The Maori tattoo designs also known as “Ta Moko” are traditional designs that came from the eastern part of Polynesia, and they are unique compared to other kinds of tattoos. The “gurus” of these tat designs were called “tohunga-ta-moko” who used different chisels or “uhi” traditionally from certain bone parts of an albatross.
These bone fragments are then engraved on the skin of natives creating a rough appearance of the tattoos as compared to the smooth surface of finished tattoos that you can see nowadays. The bone of the albatross was attached to a handle and pierced on the skin with the use of a mallet.
To create a darker facial color for the Maori tattoo designs, drops of “awheto” or body coloring was combined with burnt timbers called “ngarehu” by the tattoo gurus. Before the coming of the Europeans, a lot of people with higher ranks obtained their tat designs, and whoever refused to get tattooed were looked down with bad social reputation.
The tattooing process was done with sacred rites and rituals usually during the transition from adolescence to adulthood. Many bachelors preferred to get this kind of tattoo to be more appealing and attractive to the opposite sex. During those times, tattoos were embedded on the upper thighs, buttocks, as well as faces of men. In the case of women, they had their tats usually on the lips and chins.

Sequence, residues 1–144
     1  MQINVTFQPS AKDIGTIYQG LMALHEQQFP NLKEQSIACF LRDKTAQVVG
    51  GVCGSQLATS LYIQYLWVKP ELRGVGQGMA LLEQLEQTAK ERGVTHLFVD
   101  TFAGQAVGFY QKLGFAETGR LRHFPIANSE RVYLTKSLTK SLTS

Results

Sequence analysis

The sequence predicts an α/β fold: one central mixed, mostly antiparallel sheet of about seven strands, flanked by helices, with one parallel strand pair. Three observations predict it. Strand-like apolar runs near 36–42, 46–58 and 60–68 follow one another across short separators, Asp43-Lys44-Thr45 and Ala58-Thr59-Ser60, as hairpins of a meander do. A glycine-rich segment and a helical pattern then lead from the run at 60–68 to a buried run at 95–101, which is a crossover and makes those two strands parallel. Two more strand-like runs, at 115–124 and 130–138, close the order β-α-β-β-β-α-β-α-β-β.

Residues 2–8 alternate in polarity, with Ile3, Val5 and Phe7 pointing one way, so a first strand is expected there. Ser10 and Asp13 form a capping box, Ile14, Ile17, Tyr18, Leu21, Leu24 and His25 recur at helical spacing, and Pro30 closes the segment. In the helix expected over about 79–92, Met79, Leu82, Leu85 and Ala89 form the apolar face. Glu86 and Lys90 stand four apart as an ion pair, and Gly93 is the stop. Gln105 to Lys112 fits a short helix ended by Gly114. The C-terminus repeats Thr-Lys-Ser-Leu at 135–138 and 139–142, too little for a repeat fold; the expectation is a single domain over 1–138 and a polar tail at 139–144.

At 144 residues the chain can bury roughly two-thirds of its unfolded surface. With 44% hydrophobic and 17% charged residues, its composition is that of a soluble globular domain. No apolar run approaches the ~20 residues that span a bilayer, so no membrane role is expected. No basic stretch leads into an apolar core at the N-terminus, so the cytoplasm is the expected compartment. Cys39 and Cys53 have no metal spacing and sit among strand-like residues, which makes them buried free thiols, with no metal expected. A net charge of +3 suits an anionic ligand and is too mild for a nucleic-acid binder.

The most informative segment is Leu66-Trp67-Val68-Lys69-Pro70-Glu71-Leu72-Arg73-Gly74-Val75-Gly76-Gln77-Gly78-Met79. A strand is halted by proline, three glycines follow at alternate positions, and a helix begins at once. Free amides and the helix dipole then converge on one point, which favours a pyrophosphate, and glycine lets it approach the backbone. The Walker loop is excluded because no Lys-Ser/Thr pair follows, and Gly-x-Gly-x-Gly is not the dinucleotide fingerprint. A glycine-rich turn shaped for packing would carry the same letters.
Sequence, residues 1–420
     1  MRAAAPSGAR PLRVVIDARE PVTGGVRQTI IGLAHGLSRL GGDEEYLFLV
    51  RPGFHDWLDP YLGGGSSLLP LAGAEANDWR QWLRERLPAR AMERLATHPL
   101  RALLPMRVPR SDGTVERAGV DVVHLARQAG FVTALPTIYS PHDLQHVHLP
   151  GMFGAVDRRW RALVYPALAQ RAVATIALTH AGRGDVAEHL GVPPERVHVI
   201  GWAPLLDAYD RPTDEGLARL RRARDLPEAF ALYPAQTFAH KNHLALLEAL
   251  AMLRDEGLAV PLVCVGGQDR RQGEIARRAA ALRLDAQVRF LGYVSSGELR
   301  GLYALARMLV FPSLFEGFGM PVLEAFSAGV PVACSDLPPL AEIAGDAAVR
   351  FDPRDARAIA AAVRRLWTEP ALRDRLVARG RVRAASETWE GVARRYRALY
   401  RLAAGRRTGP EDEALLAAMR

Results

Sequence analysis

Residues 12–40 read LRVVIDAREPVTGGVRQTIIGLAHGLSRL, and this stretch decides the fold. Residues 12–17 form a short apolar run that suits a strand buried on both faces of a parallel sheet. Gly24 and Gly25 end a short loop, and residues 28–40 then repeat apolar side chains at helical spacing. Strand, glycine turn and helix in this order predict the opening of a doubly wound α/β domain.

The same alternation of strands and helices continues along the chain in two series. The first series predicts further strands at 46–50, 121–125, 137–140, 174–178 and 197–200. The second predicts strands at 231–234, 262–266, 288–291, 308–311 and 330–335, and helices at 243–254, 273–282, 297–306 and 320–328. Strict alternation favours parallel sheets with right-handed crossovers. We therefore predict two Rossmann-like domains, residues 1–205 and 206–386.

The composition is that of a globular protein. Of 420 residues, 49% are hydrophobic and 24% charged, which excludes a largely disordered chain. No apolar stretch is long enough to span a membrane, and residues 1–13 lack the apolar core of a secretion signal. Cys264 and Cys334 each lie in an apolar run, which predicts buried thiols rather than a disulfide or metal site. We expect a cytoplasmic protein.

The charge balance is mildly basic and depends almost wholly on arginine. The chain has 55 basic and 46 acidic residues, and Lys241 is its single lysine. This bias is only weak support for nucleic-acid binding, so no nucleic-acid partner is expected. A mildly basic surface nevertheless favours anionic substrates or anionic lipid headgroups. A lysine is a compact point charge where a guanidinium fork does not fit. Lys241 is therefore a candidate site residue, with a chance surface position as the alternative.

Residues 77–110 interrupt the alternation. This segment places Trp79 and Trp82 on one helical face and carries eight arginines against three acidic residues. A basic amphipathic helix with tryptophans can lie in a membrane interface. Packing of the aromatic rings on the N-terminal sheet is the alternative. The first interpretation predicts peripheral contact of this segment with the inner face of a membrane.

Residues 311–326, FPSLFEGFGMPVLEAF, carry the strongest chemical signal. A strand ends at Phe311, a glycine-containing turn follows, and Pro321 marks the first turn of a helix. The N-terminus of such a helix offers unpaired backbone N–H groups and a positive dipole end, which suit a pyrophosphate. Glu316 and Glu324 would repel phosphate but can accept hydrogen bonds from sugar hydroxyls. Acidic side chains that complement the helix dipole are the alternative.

There were also some women who embedded Maori tattoo designs on their necks and thighs, and for both genders, tats were inked on the calves and bellies. These Maori designs that were commonly composed of spirals conveyed a kind of tribal or ancestral message to the user.
The kinds of messages that were written on their skins commonly relayed a kind of information regarding their family affiliation or the tribe where they belong, their standing in the community and their social rank or position. Those messages were meant to portray their importance in the community and their social reputation.
A lot of Maori people were born and raised in small villages called “hapu”, and the “ta moko” Maori tattoo designs etched on their skins were something to show their level of social recognition in the tribe where they belong. The marks of Maori tat designs also signify whether a high-ranking member of the tribe was performing his public duty by means of active involvement in the community or by “blood”.
The use of “blood” here means participation in battles, and the tat designs were also meant to associate the status of the person according to inheritance or by virtue of accreditation. In the early 90s, a lot of people craved for Maori tattoos indicating the revival of its popularity.
One thing amazing about these people is that they preferred to perform it through the traditional way of using chisels than using the modern technique with a needle. The latest revival of the Maori tattoo designs, and the practice of utilizing these tat designs by non-Maoris raise the question of whether these modern people were respecting the Maori culture or just exploiting their heritage.
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